Shoreline dad has twins - and kidney dialysis

Thursday, March 14, 2019

Ryan and the twins who were 7 months old in this photo
They turn 1 on March 14 - World Kidney Day!

By Cynthia Flash

Imagine the joy of caring for twin toddlers – two sets of diapers, two napping routines, two energetic bodies exploring their world.

Now imagine being connected to a kidney dialysis machine four hours a day, five days a week – and still taking care of those little ones.

That’s the life of Shoreline resident Ryan Tibayan, a stay-at-home dad who cares for Kaila and Greyson, who will celebrate their first birthday March 14.

Ryan, a Blanchet High School graduate, developed diabetes in his 20s. As a result, he experienced kidney failure two years ago – requiring dialysis or a kidney transplant for survival. He is on the transplant waitlist.

“We found out we were having twins at our first ultrasound,” he said. 
“At first I was freaked out, but then I was ecstatic because I never thought we could have kids with my health problems.”

The twins’ birthday this year falls on World Kidney Day – a time to help the world understand how to prevent and treat kidney disease.

Diabetes and heart disease are key contributors to chronic kidney disease, which now affects 850 million people worldwide and is the 11th leading cause of global mortality.

Rather than undergoing kidney dialysis at a clinic, Ryan instead does it at home. There he has more control over the time and frequency of the treatments that remove water and waste from his body. Ryan was trained to do home dialysis by a nurse at Northwest Kidney Centers. It allows him to set his own dialysis schedule – around his child-rearing duties.

“Northwest Kidney Centers makes the transition (to dialysis) so much easier. They offer tons of classes to get you more comfortable with the situation – to have an idea what to expect,” Ryan said. “They give you the ability to reach out to someone already on dialysis so you can talk to someone who is going through the same things you’re going through.”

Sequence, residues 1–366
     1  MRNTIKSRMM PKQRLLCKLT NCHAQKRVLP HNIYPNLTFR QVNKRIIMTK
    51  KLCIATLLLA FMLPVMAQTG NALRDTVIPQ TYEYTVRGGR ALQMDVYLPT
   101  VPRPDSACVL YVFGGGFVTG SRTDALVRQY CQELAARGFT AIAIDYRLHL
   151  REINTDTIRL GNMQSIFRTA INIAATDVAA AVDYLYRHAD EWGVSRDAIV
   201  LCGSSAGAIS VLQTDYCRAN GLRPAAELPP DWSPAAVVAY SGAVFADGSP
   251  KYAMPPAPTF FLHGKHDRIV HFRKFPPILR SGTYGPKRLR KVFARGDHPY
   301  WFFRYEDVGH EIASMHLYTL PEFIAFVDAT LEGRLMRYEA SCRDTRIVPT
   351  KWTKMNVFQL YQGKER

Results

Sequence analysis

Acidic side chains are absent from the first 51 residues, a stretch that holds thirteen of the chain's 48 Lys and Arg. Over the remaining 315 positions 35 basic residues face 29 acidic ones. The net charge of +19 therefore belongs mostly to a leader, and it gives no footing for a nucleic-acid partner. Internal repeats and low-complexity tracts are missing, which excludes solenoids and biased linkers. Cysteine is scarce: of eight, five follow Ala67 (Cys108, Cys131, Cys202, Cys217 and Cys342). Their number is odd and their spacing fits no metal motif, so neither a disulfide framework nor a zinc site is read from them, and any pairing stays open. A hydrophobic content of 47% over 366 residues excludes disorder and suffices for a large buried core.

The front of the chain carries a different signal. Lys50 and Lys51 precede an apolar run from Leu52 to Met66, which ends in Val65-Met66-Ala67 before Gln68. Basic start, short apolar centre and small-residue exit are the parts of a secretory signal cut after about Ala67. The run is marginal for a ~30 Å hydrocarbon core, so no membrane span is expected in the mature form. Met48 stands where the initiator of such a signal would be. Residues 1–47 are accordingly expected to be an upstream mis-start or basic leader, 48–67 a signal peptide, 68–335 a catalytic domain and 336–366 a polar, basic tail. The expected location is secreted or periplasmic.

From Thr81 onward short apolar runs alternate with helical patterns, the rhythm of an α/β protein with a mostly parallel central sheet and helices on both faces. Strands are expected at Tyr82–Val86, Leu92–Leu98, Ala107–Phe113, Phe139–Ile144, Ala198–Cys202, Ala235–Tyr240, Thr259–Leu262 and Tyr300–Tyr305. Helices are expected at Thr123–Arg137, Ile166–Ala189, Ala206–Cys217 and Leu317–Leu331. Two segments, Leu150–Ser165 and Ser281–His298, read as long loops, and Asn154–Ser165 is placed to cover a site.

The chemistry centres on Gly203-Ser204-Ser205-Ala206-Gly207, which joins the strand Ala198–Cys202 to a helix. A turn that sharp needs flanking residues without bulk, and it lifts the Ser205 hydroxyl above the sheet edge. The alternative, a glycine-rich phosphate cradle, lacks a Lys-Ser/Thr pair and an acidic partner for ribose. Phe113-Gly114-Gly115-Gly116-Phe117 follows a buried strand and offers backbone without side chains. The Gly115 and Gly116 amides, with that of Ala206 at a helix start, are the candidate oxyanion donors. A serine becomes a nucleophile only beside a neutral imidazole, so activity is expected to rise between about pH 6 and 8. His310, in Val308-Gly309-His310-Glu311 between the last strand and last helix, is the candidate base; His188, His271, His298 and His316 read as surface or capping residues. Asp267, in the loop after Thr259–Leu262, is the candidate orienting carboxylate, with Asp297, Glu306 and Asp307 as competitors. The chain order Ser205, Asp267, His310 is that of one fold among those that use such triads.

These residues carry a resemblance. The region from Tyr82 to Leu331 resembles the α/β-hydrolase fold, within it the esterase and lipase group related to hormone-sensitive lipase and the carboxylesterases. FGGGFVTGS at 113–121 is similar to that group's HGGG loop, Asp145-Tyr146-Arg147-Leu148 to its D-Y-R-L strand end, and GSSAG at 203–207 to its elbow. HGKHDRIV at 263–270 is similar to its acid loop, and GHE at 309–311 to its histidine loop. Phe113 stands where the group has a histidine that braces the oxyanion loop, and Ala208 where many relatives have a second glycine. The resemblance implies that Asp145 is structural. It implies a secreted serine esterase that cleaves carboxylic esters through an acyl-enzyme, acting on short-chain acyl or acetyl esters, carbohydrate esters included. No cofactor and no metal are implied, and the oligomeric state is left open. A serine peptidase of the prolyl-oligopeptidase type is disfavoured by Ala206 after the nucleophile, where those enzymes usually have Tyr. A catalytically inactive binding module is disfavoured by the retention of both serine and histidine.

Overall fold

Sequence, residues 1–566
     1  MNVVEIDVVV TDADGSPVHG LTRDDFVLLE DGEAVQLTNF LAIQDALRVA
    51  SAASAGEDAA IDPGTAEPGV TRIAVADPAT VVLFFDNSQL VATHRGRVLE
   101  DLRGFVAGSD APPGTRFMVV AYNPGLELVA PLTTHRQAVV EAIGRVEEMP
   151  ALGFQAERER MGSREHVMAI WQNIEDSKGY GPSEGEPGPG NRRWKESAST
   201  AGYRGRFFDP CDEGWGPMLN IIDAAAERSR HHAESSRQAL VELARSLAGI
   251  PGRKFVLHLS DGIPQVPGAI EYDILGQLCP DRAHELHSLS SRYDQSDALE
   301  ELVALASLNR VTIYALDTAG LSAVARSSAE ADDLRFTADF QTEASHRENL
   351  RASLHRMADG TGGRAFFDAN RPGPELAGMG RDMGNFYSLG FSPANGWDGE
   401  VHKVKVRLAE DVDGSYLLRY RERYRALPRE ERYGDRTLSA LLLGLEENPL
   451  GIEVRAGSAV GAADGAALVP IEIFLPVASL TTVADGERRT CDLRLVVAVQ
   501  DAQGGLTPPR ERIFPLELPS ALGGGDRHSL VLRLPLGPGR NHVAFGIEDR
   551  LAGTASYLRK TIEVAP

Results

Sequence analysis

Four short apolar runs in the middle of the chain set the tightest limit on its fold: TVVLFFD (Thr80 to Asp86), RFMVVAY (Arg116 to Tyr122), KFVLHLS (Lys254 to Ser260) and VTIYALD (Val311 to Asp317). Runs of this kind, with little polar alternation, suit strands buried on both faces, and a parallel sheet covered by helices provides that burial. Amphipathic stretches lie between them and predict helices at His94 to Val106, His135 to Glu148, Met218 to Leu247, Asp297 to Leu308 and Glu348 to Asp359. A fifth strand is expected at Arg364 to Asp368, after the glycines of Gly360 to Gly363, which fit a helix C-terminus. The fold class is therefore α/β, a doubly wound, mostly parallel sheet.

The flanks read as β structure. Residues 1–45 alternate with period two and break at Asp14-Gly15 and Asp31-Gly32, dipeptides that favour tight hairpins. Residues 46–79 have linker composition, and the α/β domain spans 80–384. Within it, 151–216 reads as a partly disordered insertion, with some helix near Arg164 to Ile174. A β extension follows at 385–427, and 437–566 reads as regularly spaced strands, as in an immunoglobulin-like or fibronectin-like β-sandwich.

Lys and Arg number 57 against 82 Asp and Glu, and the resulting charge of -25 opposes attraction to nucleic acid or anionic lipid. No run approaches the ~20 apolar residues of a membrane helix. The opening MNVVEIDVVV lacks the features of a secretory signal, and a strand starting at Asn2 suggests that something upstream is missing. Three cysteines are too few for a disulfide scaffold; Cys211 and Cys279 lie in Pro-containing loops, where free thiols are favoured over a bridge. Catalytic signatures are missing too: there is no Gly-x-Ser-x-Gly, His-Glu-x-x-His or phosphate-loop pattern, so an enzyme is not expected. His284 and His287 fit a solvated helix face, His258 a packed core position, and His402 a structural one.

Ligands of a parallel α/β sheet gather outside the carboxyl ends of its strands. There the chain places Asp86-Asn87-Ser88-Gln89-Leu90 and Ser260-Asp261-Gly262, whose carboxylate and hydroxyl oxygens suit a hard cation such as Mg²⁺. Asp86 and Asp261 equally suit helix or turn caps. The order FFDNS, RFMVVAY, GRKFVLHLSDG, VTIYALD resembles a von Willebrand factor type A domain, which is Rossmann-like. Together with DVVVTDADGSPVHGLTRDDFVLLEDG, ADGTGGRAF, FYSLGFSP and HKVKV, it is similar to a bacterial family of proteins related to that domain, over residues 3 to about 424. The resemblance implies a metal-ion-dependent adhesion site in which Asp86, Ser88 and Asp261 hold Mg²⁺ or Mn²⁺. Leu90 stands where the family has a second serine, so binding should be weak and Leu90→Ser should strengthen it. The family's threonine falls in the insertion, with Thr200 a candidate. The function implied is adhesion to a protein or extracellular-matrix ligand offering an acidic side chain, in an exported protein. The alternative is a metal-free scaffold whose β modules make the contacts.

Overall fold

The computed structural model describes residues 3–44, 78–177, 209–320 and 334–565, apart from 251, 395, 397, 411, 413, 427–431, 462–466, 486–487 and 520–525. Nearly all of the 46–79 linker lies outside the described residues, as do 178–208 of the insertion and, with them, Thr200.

Dialysis at home is “way better than having to leave my kids three days a week four hours at a time for in-center dialysis,” Ryan said. “It allows me to not miss anything in my kids’ life. It’s on my schedule so I can do it whenever there’s time, like if they’re taking a nap.” He’s also able to be around when the kids need to be fed.

“I feel like you don’t have to let kidney disease or dialysis run your life. You can lead a pretty normal life if you want to,” said Ryan, who left his job as a computer assistant to stay at home with the kids while his wife Nicole works as a manager at Best Buy. 
“But you have to have a really strong support system to do that. My kids give me extra motivation to continue doing dialysis and my wife, who does my needle punctures even while working full time, plays a big role in my everyday health.”

Kidney disease affects one in 10 people. Those at highest risk include anyone with diabetes or high blood pressure, those who have a relative with kidney disease, those who are overweight or over age 60, those who are of African, Asian, Pacific Islander, Native American or Hispanic descent.

Anyone who is at risk is encouraged to talk to their doctor and get tested. Kidney health tests are simple and inexpensive: a blood test, urinalysis and blood pressure measurement. Other ways to keep kidneys healthy are to reduce salt in your diet, avoid overusing over-the-counter pain medications such as ibuprofen, and to stay fit.

Find more information about kidney disease prevention and treatment here.


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